aMULEts History

The Marx Brothers & the Runaway Mule

The Marx Brothers & the Runaway Mule

By Tim Bryant

In 1910, the Marx Brothers, who were touring America under the name The Nightingales, had just finished a short engagement at the beautiful Opera House in Galveston and headed north, finding themselves in the oldest town in Texas, Nacogdoches. Staying at the Redland Hotel on East Main Street, they were booked for an engagement at the Nacogdoches Opera House, directly across the street from their accommodations.

The Nightingales were doing the southern vaudeville circuit, one of four times they would come into Texas between 1905 and 1917. Their act in 1910 consisted mostly of singing. Lots of harmony singing, popular songs of the day with some dramatic recitation thrown in. The funniest thing, there was no real comedy to speak of. The story goes that during a weekend afternoon matinee, the brothers were right in the middle of what was probably a fairly slow performance to the local crowd, when the very first automobile in town careened into the downtown area and promptly backfired. This sudden, fortuitous blast frightened a mule that was tied to a pole on Church Street, running right alongside the Opera House. The mule broke from its tether, knocking over various and sundry things, starting a fire in the process according to some, but generally causing a commotion and then taking off, heading east.

Alarmed at the scene playing itself out on Church Street, a passerby, for reasons only he could know, rushed into the Opera House, mid-performace, yelling “Runaway Mule! Runaway Mule!” Perhaps he’d seen an earlier show and knew what odds the audience was up against. Whatever his intention, patrons began to unseat themselves and head for doors and windows to get a look at the street drama. Julius Marx, still a ways from becoming the Groucho that the whole world would know and love, took exception to this mass exit and launched into an extemporaneous fit of comedy. Singing some popular ditty of the day, they say he segued into a round of “Nacogdoches is full of roaches,” a chorus which proves not only that his famous ad-lib abilities were already formed, but that he’d been in town long enough to scope it out. Julius’ brothers caught on, and suddenly the stage came to life in a cathartic frenzy of nerves and slapstick energy.

“The Jackass is the Flower of Tex-ass!” was flung out into the crowd like a battle flag. Give the Nacogdochians their fair share of the credit. They knew a good joke when they heard one, and they had a quick ability to laugh at themselves, a trait still present in the best of us. The audience roared their approval, and both they and the performers knew a discovery had been made. Surely none of them could have known that they had all witnessed a moment in history that would resound down through the years of the coming century. That within little more than a decade, these same Nightingales would begin transforming the world of comedy and the world itself with their outrageous routines and films. That they would go on to salute their roots in Nacogdoches in their classic film “Duck Soup,” by naming its fictional country Freedonia after our city’s historic Fredonian Rebellion. And that Nacogdoches would grow and outgrow its charming downtown full of ghosts. That we might never agree exactly what happened at the corner of East Main and Church Street on that long ago day, but that we would always know that it was something small that led to something big, and that that big thing is still growing.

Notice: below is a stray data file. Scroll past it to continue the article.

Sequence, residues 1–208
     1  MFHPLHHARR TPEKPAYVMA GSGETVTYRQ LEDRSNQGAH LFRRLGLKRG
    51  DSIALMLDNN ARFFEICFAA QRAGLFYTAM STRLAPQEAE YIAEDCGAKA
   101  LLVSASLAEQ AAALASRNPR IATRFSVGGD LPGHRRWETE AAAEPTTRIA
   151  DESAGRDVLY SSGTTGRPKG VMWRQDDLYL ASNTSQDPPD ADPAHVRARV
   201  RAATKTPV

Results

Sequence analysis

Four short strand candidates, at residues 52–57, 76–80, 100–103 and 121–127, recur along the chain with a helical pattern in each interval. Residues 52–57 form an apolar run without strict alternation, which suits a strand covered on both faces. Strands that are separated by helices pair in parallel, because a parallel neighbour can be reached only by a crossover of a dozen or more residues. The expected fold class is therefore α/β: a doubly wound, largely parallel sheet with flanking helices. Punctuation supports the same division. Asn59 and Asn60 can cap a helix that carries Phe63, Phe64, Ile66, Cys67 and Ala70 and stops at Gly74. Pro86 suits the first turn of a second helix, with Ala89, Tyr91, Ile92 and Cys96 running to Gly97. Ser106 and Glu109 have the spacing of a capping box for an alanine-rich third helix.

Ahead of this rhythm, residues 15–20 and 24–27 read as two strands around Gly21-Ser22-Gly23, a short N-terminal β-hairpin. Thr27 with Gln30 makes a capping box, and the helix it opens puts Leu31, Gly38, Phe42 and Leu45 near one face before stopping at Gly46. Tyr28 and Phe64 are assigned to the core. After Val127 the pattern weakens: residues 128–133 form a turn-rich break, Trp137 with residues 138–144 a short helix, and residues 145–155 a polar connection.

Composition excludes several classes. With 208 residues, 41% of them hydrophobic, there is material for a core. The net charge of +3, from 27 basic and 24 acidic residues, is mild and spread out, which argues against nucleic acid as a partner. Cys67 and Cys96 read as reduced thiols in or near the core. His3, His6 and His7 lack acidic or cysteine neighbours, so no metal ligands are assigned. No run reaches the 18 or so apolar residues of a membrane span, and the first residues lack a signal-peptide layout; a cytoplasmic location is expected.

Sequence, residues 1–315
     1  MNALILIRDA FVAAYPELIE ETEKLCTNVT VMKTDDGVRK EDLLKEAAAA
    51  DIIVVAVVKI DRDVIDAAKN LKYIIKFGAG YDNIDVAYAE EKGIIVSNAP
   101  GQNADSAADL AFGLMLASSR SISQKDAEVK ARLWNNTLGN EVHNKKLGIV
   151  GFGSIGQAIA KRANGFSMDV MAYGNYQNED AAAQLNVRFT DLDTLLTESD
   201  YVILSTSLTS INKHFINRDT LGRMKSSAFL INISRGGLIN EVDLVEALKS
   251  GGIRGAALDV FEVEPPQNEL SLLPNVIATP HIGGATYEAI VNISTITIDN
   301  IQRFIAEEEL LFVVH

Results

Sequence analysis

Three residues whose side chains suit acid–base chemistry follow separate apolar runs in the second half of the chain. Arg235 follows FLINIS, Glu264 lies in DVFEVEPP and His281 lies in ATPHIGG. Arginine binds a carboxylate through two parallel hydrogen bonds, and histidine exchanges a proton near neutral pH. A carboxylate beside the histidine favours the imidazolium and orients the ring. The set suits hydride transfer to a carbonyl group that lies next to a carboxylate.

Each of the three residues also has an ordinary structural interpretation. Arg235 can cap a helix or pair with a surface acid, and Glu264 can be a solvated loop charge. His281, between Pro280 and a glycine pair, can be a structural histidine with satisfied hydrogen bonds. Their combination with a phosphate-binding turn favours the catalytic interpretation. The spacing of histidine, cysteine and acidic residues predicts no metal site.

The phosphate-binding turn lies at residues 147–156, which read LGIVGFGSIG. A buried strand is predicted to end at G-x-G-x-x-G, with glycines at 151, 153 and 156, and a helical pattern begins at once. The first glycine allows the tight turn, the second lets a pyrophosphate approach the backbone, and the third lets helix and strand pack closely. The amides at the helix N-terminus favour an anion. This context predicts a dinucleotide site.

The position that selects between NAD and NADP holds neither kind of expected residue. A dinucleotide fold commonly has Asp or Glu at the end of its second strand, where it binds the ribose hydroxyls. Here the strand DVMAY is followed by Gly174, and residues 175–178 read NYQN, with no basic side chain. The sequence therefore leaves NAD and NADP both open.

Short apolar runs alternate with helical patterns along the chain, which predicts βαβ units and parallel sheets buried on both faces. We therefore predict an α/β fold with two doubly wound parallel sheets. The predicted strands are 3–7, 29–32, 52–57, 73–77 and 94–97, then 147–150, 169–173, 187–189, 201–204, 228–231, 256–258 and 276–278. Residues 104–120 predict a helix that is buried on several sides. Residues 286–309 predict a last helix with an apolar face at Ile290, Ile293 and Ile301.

The small son of Diedrich Rulfs, the famed German-born architect responsible for most of the buildings populating early-twentieth century Nacogdoches, is said to have grabbed a couple of sugar cubes and run off to coral the wayward mule and bring him back to his hitching post. That post would seem to have been on Church Street, right about where my store, The Runaway Mule, stands today. We used to have a sign up on the wall which read “When truth comes up against a legend, always go with the legend.” It explains the way we do business. It explains the way a lot of things work in Nacogdoches. If you have a question about anything in the store, just ask. I’ll tell you. It might or might not be the truth. It will probably be a good story. Like the one that Groucho told on television, many years after leaving these whereabouts. After the whole mule incident, it seems, Groucho was safely back across the street at The Redland Hotel, where he was promptly arrested for playing a card game called Euchre on the front porch. Seems it happened to be a Sunday, and playing Euchre on the front porch of a hotel just happened to be against the law on Sundays. Groucho seemed to hold no bitterness against the officer though.  “The way I played it,” he said, “they shouldn’t have allowed it on Saturday either.”

Hardly a day goes by that I don’t at least tell the story of the runaway mule that led to our Runaway Mule. It’s not the only story I know. If you want to hear more, come by the store on Church Street in Nacogdoches, right in the shadow of the old Opera House. I’m just getting started.

Note: If you Google the particulars in this account, you may find that certain things don’t add up. Wikipedia, for instance, says the whole thing took place in 1912. Where there are discrepancies, I would assume nothing more than a good-natured mistake on the other person’s part. As Groucho himself would have attested, if it’s a good story, it can’t be wrong.

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